Zuckerberg testimony tees up urgent questions about Internet giants and how we interact with them

The tumult in Washington over Facebook founder and CEO Mark Zuckerberg’s two days of testimony before Congress is the best opportunity yet for all of us to re-examine our relationships with the Internet giants that exert enormous influence in our society. Facebook as well as Google and the vast number of other companies that trade free services for access to our private information, now occupy a central place in too much of our daily lives.

The result is that we’ve turned over enormous troves of information that these firms repackage and sell to third parties eager to influence our purchases and what we think about politics, culture and a variety of other issues.

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What should be clear now is just how easy it has been for bad actors to exploit Facebook and other platforms. And what should also be clear after the hearings is just how little care social media giants have taken to construct products that are difficult for bad actors to exploit. Or as Zuckerberg admits, Facebook didn’t do enough to guard against downstream consequences.

“The big mistake that we’ve made looking back on this is viewing our responsibility as just building tools, rather than viewing our whole responsibility as making sure that those tools are used for good,” Zuckerberg said in an answer to a question from Sen. John Cornyn of Texas.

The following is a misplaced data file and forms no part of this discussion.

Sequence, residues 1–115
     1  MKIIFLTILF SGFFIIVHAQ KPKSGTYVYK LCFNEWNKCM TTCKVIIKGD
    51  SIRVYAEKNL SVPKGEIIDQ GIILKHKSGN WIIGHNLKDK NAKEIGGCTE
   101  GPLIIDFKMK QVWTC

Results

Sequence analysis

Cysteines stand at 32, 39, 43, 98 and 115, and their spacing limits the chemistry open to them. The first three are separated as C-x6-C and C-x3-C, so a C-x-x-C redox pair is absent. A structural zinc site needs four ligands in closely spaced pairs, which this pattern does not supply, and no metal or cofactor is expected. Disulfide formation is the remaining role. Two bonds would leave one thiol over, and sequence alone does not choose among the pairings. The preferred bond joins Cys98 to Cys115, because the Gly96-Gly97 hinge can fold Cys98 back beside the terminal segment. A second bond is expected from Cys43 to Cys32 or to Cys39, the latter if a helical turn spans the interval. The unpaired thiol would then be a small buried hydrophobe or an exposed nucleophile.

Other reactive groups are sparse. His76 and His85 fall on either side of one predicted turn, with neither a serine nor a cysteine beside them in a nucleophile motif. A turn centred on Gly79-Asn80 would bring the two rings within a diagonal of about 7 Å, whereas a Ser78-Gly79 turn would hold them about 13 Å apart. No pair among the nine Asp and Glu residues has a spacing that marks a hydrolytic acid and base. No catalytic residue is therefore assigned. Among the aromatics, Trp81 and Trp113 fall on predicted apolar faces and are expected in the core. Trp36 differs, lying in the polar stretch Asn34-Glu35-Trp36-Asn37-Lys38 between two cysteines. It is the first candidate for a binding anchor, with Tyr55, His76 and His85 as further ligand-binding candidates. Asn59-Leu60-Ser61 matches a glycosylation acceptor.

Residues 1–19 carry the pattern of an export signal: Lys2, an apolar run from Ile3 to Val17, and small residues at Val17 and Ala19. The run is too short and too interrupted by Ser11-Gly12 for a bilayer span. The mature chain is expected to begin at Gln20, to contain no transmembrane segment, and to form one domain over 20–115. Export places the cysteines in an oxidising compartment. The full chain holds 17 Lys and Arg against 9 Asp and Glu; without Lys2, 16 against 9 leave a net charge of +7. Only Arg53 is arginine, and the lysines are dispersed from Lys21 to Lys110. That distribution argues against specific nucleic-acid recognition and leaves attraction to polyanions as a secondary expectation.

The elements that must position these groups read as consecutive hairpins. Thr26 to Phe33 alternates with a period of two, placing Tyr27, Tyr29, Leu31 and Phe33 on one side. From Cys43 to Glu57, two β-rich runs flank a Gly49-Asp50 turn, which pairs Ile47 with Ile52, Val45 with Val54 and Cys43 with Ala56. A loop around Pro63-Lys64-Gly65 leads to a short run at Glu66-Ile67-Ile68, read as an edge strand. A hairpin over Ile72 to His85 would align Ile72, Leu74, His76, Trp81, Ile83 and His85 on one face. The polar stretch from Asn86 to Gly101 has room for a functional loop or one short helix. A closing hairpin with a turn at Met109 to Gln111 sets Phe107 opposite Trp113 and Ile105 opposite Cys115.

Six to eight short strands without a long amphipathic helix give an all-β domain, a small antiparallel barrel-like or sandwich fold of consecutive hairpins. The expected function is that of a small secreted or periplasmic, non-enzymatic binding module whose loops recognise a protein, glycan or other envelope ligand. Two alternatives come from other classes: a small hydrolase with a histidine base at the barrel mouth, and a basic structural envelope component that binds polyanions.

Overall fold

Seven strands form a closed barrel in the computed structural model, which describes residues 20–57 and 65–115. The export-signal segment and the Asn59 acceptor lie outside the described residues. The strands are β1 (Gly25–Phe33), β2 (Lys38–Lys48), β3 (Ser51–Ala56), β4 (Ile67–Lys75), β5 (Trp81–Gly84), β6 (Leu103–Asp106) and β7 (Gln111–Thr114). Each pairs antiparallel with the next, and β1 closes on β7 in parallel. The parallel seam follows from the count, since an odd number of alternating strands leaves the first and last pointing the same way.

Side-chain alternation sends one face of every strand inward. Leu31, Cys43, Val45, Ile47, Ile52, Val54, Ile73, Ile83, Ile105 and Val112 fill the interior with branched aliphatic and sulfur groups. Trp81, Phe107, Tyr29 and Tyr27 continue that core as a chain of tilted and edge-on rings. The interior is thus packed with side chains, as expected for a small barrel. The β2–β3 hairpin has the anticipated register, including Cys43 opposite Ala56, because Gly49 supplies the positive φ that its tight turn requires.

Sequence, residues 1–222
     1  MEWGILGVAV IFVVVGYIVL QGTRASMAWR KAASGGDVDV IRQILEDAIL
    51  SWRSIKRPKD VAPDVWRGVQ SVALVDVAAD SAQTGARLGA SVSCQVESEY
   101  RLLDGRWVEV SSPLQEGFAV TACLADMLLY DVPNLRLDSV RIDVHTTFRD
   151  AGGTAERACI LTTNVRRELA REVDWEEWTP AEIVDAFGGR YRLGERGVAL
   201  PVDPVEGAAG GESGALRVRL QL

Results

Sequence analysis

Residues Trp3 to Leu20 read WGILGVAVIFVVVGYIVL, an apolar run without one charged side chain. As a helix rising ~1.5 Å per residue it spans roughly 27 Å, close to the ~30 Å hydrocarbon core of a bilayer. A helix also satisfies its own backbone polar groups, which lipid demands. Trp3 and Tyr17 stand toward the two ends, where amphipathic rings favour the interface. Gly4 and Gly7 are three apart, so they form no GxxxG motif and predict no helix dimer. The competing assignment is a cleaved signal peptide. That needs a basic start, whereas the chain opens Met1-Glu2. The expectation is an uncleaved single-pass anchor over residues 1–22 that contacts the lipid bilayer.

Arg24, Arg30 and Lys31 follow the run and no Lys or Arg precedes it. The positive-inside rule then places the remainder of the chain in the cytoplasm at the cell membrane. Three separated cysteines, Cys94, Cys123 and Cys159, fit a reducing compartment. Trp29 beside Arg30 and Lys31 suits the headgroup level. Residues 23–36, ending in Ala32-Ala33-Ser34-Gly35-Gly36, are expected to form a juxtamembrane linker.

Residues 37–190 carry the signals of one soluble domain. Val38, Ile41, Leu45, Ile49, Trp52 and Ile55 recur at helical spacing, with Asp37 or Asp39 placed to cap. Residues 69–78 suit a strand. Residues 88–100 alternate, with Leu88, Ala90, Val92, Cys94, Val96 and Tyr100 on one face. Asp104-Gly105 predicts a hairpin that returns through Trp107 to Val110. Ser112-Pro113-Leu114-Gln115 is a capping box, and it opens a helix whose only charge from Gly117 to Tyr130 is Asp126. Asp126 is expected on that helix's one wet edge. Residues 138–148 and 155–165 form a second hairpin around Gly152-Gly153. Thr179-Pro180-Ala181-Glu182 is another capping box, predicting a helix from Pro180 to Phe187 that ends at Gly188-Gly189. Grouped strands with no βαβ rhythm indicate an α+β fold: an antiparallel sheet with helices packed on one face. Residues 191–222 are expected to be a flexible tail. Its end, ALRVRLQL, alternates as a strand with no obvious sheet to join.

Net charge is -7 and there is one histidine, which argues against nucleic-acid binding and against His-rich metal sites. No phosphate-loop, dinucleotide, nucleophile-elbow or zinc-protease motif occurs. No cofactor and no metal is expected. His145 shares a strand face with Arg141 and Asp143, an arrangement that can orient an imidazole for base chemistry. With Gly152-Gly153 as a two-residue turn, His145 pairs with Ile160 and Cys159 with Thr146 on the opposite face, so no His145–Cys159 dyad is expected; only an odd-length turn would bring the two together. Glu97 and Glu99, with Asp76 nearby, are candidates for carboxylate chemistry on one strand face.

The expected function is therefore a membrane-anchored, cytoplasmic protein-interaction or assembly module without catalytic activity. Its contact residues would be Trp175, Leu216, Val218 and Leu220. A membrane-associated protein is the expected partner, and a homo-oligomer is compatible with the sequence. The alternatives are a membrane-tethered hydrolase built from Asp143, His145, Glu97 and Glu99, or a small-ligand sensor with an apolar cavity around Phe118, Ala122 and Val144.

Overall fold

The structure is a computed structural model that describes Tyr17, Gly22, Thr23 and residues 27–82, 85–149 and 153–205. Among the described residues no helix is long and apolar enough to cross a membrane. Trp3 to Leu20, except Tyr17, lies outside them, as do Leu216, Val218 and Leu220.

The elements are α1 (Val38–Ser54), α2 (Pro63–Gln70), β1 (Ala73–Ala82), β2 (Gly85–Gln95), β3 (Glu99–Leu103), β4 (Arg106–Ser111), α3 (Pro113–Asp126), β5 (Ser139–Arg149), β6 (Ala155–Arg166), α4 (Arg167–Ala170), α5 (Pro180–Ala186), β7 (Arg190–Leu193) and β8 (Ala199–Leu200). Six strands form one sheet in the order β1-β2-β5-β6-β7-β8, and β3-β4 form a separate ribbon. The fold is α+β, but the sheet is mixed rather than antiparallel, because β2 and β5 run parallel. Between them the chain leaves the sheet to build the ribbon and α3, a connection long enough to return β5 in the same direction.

The hearings raised other concerns beyond privacy. As most Facebook users will attest, the site can be addictive. Is it dangerous for so many Americans to use social media to filter their news and even how they interact with society?

Should Facebook make it easy to identify all users who post political messages? Are there limits that should be placed on the way automated accounts, or bots, interact with real users, given how they push divisive messages to large audiences?

Have Silicon Valley giants been allowed to too easily scoop up would-be competitors — firms that might have created new business models with better privacy protections? Can it be made easier for users to download or even delete the data they give these firms? Should it be easier to rescind privacy permissions?

But even as the hearings teed up such questions, it should also be clear there are a few things the rest of us need to confront about ourselves.

It seems clear that social media has played a large role in coarsening our political discourse. We can blame the companies for building infrastructure that encouraged that behavior. But within all of us is the capacity to change the way we use these services, and to stand up for civility.

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Were we to resolve to do that, then the moment of reflection these hearings have engendered will have lasting effects no matter what Congress or the companies do now.

— The Dallas Morning News